19 March 2021
Tommaso Spadolini believes it was the shared level of creativity, and a strict brief, that saw him combine strong personality with innovation and tradition.
“The owner had imposed a number of non-negotiable constraints on me, including the dimensions,” the Tuscan yacht designer says on his latest design, a 32.8–metre custom motor yacht.
There were other specific requirements for Spadolini to follow as well, including a full-beam main salon, a decision that resulted in a large living area with the dining room on another deck, and a continuing exterior-and-interior space. Something solved with the extensive use of folding doors.
But despite the small wiggle room, the first renderings of this project reflect Spadolini’s success and his trademark style. Seen via the use of clear, essential lines alongside the choice of glass throughout the three decks which create a light profile.
“Another request was to have a fast yacht, which is why we chose light alloy as the construction material,” Spadolini adds. “The yacht is powered by four Volvo Penta IPS 1350 engines, able to reach a top speed of around 26-knots, with a cruising speed of around 20-knots and an autonomy, at 10-knots, of 3500-miles.”
Mounting Volvo Penta IPS engines mean the engine room can be set up aft, which in turn creates room to house a tender. Continuing towards the bow on the lower deck are two VIP cabins and two guest cabins – all with dedicated bathrooms – as well as room for up to five crew members.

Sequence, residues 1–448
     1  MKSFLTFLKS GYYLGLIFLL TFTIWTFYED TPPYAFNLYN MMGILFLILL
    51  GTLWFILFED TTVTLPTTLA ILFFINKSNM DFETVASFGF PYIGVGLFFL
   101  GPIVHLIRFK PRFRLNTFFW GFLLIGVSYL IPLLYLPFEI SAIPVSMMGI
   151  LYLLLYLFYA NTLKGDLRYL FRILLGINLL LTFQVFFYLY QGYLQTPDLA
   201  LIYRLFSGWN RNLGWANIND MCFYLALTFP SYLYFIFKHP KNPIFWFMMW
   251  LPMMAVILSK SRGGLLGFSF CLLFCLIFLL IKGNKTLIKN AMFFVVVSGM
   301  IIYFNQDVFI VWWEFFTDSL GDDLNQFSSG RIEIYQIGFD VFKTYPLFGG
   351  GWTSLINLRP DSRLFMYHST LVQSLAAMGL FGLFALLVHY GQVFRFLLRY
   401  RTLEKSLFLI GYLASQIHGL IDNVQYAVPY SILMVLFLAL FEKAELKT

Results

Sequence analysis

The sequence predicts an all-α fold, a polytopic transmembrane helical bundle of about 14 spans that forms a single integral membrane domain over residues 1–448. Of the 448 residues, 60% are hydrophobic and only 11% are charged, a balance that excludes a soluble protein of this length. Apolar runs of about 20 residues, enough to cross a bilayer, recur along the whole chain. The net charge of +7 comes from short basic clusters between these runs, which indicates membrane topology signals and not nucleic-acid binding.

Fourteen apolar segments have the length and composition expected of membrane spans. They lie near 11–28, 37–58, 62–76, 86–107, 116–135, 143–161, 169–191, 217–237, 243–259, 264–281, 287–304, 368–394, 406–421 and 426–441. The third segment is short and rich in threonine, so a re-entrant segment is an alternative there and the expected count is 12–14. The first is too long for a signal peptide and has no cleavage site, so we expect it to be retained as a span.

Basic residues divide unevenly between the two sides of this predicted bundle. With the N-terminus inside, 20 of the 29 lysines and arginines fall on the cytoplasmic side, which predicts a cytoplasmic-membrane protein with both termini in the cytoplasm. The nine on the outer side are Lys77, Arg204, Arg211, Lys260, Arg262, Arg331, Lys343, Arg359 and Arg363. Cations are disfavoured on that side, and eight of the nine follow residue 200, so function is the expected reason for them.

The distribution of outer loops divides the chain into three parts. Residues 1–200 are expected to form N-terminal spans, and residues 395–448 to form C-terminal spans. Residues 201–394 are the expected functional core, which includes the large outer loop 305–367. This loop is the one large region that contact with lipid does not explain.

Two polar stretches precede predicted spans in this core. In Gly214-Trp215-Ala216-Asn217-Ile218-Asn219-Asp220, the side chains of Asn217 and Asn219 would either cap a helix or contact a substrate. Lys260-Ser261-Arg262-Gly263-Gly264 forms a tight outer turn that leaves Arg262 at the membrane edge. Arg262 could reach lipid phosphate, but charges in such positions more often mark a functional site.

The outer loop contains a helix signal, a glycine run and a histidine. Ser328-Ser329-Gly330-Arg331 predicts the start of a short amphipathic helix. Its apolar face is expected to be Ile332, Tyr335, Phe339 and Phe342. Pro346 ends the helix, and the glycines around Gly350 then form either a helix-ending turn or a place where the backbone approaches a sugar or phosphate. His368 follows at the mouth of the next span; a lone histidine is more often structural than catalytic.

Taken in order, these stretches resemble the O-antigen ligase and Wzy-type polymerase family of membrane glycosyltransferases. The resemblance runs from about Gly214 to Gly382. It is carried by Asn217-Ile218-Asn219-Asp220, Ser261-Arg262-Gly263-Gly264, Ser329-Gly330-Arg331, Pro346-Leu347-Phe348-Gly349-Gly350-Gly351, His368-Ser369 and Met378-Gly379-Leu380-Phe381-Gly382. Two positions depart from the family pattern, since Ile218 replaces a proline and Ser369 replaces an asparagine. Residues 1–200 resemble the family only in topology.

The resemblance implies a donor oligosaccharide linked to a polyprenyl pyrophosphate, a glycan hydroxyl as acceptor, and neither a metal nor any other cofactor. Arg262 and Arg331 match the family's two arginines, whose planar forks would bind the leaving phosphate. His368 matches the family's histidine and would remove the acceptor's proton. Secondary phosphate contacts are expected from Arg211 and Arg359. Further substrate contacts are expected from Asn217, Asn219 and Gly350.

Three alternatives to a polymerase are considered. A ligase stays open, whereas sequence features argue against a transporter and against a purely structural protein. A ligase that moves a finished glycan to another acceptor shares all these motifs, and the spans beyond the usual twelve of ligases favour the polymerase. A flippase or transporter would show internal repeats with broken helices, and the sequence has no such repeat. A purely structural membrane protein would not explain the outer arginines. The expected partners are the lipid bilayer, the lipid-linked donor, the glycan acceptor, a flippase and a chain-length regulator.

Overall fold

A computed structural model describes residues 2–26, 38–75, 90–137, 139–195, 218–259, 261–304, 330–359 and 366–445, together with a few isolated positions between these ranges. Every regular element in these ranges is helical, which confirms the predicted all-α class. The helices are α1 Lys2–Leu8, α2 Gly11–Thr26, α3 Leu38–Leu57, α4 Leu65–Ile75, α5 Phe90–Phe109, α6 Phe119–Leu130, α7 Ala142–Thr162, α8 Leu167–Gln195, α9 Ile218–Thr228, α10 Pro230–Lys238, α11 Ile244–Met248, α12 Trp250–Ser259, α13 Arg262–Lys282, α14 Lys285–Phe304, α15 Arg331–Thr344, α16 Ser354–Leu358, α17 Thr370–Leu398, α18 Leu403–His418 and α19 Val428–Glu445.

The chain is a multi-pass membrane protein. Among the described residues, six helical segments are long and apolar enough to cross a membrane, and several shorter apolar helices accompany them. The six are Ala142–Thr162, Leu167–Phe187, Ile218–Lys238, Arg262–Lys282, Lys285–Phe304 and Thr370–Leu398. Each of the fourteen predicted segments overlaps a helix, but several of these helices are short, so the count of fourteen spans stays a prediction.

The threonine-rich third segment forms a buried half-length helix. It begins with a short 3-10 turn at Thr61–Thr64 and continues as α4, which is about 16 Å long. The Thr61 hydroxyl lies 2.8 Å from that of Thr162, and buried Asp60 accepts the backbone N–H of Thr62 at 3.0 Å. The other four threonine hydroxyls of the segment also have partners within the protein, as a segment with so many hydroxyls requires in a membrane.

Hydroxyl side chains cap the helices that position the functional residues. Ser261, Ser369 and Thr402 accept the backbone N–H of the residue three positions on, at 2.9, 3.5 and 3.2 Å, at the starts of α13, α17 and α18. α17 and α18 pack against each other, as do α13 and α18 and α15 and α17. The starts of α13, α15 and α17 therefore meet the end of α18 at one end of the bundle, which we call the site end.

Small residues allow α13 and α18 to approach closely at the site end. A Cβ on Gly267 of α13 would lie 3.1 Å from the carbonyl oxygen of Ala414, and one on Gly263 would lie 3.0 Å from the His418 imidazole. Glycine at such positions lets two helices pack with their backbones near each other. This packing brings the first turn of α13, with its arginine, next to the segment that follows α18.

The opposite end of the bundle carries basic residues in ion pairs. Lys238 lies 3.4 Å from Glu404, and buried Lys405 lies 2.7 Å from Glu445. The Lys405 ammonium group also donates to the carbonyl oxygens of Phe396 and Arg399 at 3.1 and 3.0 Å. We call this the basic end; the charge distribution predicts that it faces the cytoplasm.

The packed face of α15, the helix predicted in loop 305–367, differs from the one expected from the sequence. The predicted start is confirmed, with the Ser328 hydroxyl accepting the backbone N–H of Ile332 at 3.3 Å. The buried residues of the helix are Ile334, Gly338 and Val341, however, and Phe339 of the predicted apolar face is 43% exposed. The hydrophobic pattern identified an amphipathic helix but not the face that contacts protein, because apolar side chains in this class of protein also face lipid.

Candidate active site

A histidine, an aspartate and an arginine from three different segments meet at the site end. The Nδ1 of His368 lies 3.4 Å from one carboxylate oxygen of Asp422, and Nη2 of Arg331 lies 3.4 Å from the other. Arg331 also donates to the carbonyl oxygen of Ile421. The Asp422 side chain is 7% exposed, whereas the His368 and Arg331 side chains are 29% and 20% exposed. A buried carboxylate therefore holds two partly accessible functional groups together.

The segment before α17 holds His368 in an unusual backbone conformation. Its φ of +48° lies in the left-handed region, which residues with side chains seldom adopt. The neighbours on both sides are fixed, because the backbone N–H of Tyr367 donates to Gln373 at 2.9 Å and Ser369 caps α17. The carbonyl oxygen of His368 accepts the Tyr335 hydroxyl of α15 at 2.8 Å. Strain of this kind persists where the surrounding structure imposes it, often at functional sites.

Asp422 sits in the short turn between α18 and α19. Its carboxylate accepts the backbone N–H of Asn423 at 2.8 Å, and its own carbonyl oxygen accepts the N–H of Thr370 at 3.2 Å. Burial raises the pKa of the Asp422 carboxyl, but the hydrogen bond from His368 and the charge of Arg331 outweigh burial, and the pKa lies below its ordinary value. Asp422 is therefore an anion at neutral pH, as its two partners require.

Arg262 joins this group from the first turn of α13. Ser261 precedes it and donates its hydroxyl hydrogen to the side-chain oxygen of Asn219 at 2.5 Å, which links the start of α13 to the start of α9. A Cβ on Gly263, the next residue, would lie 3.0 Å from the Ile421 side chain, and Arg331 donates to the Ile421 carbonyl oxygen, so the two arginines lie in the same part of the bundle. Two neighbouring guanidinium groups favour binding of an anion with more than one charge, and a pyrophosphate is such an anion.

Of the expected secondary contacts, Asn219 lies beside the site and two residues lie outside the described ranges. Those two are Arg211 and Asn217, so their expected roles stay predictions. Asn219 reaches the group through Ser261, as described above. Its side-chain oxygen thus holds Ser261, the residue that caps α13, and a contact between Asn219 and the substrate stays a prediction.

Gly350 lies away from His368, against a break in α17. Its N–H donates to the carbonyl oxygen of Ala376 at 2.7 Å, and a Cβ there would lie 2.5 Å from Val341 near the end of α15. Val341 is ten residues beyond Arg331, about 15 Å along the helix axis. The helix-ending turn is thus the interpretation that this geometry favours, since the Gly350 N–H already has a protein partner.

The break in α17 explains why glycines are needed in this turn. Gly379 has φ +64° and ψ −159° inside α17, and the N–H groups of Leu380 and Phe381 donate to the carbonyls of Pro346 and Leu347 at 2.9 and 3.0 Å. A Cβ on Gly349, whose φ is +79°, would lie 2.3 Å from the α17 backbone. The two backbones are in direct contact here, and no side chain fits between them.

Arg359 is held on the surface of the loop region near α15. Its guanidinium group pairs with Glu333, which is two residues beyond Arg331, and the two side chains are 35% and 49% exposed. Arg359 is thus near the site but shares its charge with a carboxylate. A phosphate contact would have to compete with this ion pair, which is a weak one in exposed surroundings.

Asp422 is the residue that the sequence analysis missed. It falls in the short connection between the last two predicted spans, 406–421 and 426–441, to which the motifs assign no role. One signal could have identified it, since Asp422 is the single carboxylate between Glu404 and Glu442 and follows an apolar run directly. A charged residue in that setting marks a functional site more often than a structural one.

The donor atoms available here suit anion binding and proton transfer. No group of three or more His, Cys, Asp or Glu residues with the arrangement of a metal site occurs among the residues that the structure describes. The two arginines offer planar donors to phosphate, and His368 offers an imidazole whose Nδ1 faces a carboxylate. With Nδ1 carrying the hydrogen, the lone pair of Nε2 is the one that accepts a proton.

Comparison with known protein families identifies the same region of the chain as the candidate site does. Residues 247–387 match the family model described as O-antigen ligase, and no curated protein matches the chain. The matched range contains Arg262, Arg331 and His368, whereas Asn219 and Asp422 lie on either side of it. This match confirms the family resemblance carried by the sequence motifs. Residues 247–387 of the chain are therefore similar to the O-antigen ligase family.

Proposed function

“We wanted to dedicate a generously sized area to the crew because it is the owner’s conviction – a conviction easily shared – that a yacht with a contented crew is a yacht with a contented owner and guests,” said Spadolini.
The main deck has a full-beam salon with the bar unit on the port side. The open living area is protected by the aft extension of the flybridge and leads to the full-width staircase leading to the aft bridge. On the opposite side, another watertight pantograph door allows disembarkation from midship when moored along the quay.
But it’s the upper deck that expresses the bulk of this project’s originality: “The aim here was to create a closed space, the dining area, which could be opened up, if necessary. Thanks to the glass doors, which fold and almost disappear, we can have a full-width open space,” said Spadolini.
The bow has room to accommodate an aquabike or a second tender, which can be hauled with a compact carbon crane. The forward section has also been fitted with bridge wings to allow better vision during manoeuvres, as the main deck is full width.
The design phase has been completed and the specifications defined. The shipyard for the construction is currently being decided.
See more of Tomasso Spadolini’s work on Instagram.